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|5. Wele Wele Wintou|
|6. Senkele te sira|
|9. Iyo Djeli|
|10. Mogo Kele|
The album was recorded in Bamako, and co-produced by Nick Gold, Oumou Sangare and Cheick Tidiane Seck. Musicians on the album include fellow World Circuit artist and kora virtuoso Toumani Diabaté, the great guitarist Djelimady Tounkara, afrobeat legend Tony Allen, Living Colour drummer Will Calhoun and Magic Malik on flute.
Seya sees Oumou Sangare attain a new level of sophistication, maturity and variety, all underpinned by her trademark funk-driven Wassoulou sound. As with her previous albums all the songs on Seya were written by Sangare.Oumou Sangare is the most popular female singer in Mali and alongside Salif Keita she is arguably the country's most famous musician. And this in a country renowned for its music where stars such as Amadou and Mariam, Toumani Diabaté, Bassekou Kouyate, Rokia Traoré and Ali Farka Touré have dominated the world music scene in the international arena.
Seya traverses a wide range of moods, from confident and celebratory to more austere, stripped down meditations. And while few artists give as good a groove as Oumou, the latter are often the best settings to appreciate her extraordinary voice; if Aretha Franklin had grown up in Bamako, she might have sounded something like this.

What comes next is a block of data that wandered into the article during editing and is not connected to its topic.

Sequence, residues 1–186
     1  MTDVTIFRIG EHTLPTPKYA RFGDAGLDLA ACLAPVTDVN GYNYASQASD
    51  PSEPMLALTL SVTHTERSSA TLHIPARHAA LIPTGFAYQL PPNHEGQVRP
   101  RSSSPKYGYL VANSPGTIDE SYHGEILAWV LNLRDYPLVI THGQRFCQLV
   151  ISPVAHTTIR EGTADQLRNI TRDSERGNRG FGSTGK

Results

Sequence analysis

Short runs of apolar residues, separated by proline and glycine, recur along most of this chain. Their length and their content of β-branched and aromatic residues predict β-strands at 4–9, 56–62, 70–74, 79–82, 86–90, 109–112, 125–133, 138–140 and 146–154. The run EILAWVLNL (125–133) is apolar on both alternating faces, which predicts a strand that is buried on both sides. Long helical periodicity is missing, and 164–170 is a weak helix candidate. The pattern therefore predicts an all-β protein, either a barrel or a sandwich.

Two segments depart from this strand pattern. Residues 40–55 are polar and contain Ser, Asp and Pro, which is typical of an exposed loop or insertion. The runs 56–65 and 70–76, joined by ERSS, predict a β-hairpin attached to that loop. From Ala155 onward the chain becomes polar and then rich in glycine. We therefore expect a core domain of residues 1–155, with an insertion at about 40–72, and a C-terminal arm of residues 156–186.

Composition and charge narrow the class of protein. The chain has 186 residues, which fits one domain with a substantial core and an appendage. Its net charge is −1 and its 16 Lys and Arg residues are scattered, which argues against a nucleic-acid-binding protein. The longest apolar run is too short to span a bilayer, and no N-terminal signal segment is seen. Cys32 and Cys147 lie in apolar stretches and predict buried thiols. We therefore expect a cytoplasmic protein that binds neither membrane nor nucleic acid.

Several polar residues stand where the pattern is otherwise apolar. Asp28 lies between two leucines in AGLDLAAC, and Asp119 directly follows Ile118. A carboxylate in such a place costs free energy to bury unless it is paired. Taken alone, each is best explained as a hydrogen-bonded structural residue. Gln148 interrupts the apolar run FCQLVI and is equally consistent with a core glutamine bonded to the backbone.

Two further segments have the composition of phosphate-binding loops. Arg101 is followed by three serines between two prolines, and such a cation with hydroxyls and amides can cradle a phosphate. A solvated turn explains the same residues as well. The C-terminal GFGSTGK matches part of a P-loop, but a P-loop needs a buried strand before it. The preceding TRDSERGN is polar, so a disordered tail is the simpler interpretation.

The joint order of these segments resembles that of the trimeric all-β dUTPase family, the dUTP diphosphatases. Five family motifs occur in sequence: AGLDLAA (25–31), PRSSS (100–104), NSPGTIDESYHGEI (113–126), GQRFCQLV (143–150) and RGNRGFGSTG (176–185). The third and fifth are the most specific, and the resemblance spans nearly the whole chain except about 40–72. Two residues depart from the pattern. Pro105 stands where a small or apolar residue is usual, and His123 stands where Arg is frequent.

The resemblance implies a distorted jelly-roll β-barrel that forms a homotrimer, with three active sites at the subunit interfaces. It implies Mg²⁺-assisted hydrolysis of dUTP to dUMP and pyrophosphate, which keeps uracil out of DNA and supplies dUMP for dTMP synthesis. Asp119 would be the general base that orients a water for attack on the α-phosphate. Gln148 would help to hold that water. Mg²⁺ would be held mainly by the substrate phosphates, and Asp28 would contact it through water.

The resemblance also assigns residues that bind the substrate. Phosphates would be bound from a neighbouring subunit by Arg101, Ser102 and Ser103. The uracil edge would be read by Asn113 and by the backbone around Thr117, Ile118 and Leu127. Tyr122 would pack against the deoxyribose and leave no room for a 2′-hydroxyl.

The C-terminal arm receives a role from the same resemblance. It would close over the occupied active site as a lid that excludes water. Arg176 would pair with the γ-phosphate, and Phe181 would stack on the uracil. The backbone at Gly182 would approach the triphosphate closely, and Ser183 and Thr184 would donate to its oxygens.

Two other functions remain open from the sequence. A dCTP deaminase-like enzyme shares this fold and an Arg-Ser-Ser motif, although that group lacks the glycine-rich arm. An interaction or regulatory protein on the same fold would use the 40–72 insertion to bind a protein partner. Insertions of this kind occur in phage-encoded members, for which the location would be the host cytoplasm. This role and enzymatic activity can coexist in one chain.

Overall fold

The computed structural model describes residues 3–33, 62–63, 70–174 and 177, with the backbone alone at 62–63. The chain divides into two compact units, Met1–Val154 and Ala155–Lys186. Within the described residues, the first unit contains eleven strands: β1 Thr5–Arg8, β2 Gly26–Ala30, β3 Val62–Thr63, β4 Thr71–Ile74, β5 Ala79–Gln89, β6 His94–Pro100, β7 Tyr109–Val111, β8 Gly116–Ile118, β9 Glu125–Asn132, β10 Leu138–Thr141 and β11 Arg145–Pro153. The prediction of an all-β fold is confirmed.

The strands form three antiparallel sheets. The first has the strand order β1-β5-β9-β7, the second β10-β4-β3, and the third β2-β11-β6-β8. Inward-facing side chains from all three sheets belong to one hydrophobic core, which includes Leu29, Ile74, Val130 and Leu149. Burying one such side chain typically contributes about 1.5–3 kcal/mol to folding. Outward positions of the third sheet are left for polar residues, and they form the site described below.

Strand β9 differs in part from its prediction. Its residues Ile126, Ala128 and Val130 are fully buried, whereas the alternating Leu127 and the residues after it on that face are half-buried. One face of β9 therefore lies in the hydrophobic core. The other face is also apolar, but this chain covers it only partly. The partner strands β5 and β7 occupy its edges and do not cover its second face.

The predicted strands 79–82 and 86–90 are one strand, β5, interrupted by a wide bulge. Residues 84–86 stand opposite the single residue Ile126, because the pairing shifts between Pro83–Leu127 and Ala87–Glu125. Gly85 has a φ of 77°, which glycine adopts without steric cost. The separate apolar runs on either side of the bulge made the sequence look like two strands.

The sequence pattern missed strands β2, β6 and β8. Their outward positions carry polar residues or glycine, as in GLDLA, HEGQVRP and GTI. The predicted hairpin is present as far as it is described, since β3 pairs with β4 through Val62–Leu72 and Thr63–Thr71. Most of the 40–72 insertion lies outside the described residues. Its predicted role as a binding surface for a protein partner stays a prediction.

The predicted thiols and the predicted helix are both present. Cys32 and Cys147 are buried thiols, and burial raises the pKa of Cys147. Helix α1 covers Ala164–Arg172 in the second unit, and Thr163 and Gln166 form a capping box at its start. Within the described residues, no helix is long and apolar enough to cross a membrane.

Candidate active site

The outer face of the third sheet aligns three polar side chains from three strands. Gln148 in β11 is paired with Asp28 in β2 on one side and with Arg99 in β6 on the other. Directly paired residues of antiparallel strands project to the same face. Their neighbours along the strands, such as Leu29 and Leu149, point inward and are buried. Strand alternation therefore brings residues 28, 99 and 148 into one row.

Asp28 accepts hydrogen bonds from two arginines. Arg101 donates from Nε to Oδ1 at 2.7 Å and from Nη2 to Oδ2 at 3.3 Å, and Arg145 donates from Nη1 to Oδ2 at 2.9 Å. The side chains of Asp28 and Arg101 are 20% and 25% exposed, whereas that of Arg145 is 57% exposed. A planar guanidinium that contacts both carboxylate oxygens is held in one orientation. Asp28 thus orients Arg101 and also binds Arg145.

Apart from the declamatory Donso - an adaptation of a traditional Wassoulou hunter's song - the material is all original as usual, and the basis of her distinctive sound remains the twitching, funky sound of the kamel n'goni('youth harp'), mostly played by 'Benogo' Brehima Diakité. But with fifty musicians taking part, there's more variety of sounds and textures than ever. She's used electric guitar before, but never with the kind of squealing rock treatments heard on Senkele Te Sira and Kounadya, which also features a great retro Hammond organ solo by co-producer Cheick TidianeSeck. There's brass and the occasional deft use of strings, as well as guests such as flautist 'Magic' Malik Mazzadri and drummer Tony Allen, but none are allowed to overshadow the star.
Though it's difficult to pick highlights from such a consistent album, the driving opener Sounsoumba and the radiantly joyful title track, with its lovely swooping chorus vocals, are the most instantly appealing of the more upbeat pieces. Despite a great percussive thrust, Wele Wele Wintou is the one track with a vocal not quite up to Sangare's usual stratospheric standards, and the only song where the brass section feels a little out of place. But the hypnotic likes of Sukunyali, or the mesmerising balafon (wooden xylophone) tones of Iyo Djeli and Mogo Kele more than make up for minor shortcomings. --Jon Lusk
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'SEYA', meaning 'joy', Oumou Sangaré's new CD, is a delight to listen to. You can also dance to it! Read morePublished on 12 Sep 2009 by Friederike Knabe
Another great album from a truly great artist. If you love the music of Mali, this one's for you.Published on 9 April 2009 by Thobeka Mnyameni
As one might expect from Oumou Sangare, this is total quality. Faultless stuff. Highly recommended.Published on 5 April 2009 by Graham Mitchell
This is the first Oumou Sangare CD I have purchased, and it won't be the last. Infectious sounds throughout.Published on 31 Mar 2009 by I. Mohammed